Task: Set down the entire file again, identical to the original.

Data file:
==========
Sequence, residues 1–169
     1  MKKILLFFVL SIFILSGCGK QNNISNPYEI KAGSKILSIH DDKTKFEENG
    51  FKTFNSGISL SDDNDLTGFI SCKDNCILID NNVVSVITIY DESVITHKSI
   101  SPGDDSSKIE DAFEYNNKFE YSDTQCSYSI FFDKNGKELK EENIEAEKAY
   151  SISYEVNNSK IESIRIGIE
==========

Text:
Sequence, residues 1–169
     1  MKKILLFFVL SIFILSGCGK QNNISNPYEI KAGSKILSIH DDKTKFEENG
    51  FKTFNSGISL SDDNDLTGFI SCKDNCILID NNVVSVITIY DESVITHKSI
   101  SPGDDSSKIE DAFEYNNKFE YSDTQCSYSI FFDKNGKELK EENIEAEKAY
   151  SISYEVNNSK IESIRIGIE